Captain Thunderbolt (film)

Captain Thunderbolt is a 1953 Australian action film from director Cecil Holmes about the bushranger Captain Thunderbolt. It was one of the few all-Australian films of the 1950s.[3]

Captain Thunderbolt
Directed byCecil Holmes
Produced byJohn Wiltshire
Written byCreswick Jenkinson
StarringGrant Taylor
Charles Tingwell
Music bySydney John Kay
CinematographyRoss Wood
Edited byMargaret Cardin
Associated TV
Distributed byRay Films
Release date
1953 (overseas)
June 1955 (Australia)
Running time
69 min. (53 min. TV version)
Box office£30,000[1]


Fred Ward is imprisoned for horse stealing. He escapes from Cockatoo Island and under the name of Captain Thunderbolt becomes a bushranger, working with his friend and fellow escapee Alan Blake.

Thunderbolt is tracked by the evil Sergeant Mannix who undertakes gunfights with the bushranger at a dance, then at a rocky outcrop, only to discover that he has killed Alan Blake instead. Mannix passes off Blake's body as Thunderbolt, enabling the bushranger to escape. The legend grows that Thunderbolt did not die.


  • Grant Taylor as Captain Thunderbolt
  • Charles Tingwell as Alan Blake
  • Rosemary Miller as Joan
  • Harp McGuire as Sgt Mannix
  • John Fegan as Dalton
  • Jean Blue as Mrs Ward
  • John Fernside as Colonel
  • Loretta Boutmy as Maggie
  • Ronald Whelan as Hogstone
  • Charles Tasman as Colonial Secretary
  • Harvey Adams as parliamentarian
  • Patricia Hill as Belle
  • John Brunskill as Judge


The budget was provided entirely by theatrical entrepreneur Sir Benjamin Fuller.[4][5]

It was a return to leading man roles for Grant Taylor.[6]

The movie was shot in early 1951 on location in New England, New South Wales, and at the Royal National Park in Sydney, with studio work done in Supreme Sound System in North Sydney. The woolshed dance sequence was shot at a Pyrmont woolstore. One of Thunderbolt's robbery victims was played by Kathleen Drummond, daughter of the then-local MP David Drummond.

British censorship requirements meant that the real-life romantic relationship between Thunderbolt and his aboriginal girlfriend Mary, who helped him escape from Cockatoo Island, was not featured in the film when released in Britain.[7] According to Filmink "Holmes was a bit of a lefty in real life, and he fashions the story so poor old Thunderbolt is a victim of the upper classes. Holmes was conservative enough, however, to remove Thunderbolt’s aboriginal wife from the story entirely."[8]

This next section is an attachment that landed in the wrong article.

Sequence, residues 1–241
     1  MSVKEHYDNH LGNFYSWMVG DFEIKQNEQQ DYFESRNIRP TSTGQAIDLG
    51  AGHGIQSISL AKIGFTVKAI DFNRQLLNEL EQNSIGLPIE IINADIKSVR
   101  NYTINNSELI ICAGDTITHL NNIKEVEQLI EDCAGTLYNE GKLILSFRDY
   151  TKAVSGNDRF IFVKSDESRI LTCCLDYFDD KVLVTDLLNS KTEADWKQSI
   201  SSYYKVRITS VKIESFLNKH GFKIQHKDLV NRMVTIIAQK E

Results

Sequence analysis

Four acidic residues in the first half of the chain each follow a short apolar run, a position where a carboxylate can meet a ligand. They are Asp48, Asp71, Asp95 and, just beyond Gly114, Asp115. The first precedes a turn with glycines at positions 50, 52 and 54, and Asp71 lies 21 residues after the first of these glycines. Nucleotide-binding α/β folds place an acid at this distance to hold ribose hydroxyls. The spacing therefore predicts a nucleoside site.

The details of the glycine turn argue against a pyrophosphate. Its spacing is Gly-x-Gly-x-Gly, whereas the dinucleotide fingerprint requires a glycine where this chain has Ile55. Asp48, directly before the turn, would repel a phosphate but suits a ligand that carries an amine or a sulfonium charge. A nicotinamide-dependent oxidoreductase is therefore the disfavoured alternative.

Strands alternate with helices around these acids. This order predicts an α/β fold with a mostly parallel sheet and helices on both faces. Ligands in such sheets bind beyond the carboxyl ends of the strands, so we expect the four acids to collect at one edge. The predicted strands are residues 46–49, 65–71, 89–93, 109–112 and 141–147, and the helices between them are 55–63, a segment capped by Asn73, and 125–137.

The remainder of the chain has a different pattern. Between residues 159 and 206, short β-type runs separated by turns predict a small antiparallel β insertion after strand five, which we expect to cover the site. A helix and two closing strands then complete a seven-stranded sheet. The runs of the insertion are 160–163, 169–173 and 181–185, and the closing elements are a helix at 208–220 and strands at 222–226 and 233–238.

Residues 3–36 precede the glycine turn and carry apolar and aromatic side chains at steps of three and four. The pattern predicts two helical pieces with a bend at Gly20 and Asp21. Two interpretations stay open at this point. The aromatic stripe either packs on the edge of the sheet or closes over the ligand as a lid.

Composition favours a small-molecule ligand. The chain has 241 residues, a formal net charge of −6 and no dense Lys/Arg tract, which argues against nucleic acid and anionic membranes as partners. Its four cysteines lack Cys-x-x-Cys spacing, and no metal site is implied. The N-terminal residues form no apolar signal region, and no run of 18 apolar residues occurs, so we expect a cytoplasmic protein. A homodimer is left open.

Captain Thunderbolt was allowed to live at the end of the film because the producers hoped to spin it off into a TV series.[9] This did not happen.


The film did not receive a wide release in Australia – it did not play in Melbourne cinemas until late 1955, and Sydney until 1956. However it sold well overseas, including to American television.[10][11]

The only copy of the film in possession of the Australian National Film and Sound Archive is a 53-minute TV edition. The archive is looking for a copy of the full 69-minute version.[12]


  1. Andrew Pike and Ross Cooper, Australian Film 1900–1977: A Guide to Feature Film Production, Melbourne: Oxford University Press, 1998, 216.
  2. The bulletin, John Haynes and J.F. Archibald, 1880, retrieved 24 March 2019
  3. "What Happens To Our Films?". The Sunday Herald. Sydney. 3 February 1952. p. 12. Retrieved 25 August 2012 via National Library of Australia.
  4. Sir Benjamin Fuller at Australian Dictionary of Biography
  5. "Sydney TV inquiry told: SACKED 'BECAUSE HE DEFIED MINISTER'." The Argus (Melbourne) 16 Feb 1955: 10, accessed 27 November 2011
  6. Vagg, Stephen (29 July 2019). "Unsung Aussie Filmmakers – Grant Taylor: A Top Ten". Filmink.
  7. "Australia Makes Debut In T.V. Films." The Sunday Herald (Sydney) 8 Apr 1951: 1 Supplement, accessed 27 November 2011
  8. Vagg, Stephen (24 July 2019). "50 Meat Pie Westerns". Filmink.
  9. "Melbourne audiences might soon see... 'JEDDA' IN PERSON". The Argus. Melbourne. 20 August 1955. p. 41. Retrieved 25 August 2012 via National Library of Australia.
  10. "Local movie on television." The Australian Women's Weekly 28 Nov 1951: 57, accessed 27 November 2011
  11. The bulletin, John Haynes and J.F. Archibald, 1880, retrieved 24 March 2019
  12. "Australia's 'Lost' Films". National Film and Sound Archive.
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